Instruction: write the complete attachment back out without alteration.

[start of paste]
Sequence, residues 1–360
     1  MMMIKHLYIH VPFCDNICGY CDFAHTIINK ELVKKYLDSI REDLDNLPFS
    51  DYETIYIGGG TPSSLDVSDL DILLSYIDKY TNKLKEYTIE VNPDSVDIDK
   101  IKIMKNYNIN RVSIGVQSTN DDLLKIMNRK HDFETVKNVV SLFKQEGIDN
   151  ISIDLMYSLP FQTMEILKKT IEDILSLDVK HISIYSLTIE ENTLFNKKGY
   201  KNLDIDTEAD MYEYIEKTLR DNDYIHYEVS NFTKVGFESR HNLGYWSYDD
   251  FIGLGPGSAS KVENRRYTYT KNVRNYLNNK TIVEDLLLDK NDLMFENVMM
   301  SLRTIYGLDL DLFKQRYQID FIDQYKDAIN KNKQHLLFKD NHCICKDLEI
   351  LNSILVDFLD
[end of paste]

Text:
Sequence, residues 1–360
     1  MMMIKHLYIH VPFCDNICGY CDFAHTIINK ELVKKYLDSI REDLDNLPFS
    51  DYETIYIGGG TPSSLDVSDL DILLSYIDKY TNKLKEYTIE VNPDSVDIDK
   101  IKIMKNYNIN RVSIGVQSTN DDLLKIMNRK HDFETVKNVV SLFKQEGIDN
   151  ISIDLMYSLP FQTMEILKKT IEDILSLDVK HISIYSLTIE ENTLFNKKGY
   201  KNLDIDTEAD MYEYIEKTLR DNDYIHYEVS NFTKVGFESR HNLGYWSYDD
   251  FIGLGPGSAS KVENRRYTYT KNVRNYLNNK TIVEDLLLDK NDLMFENVMM
   301  SLRTIYGLDL DLFKQRYQID FIDQYKDAIN KNKQHLLFKD NHCICKDLEI
   351  LNSILVDFLD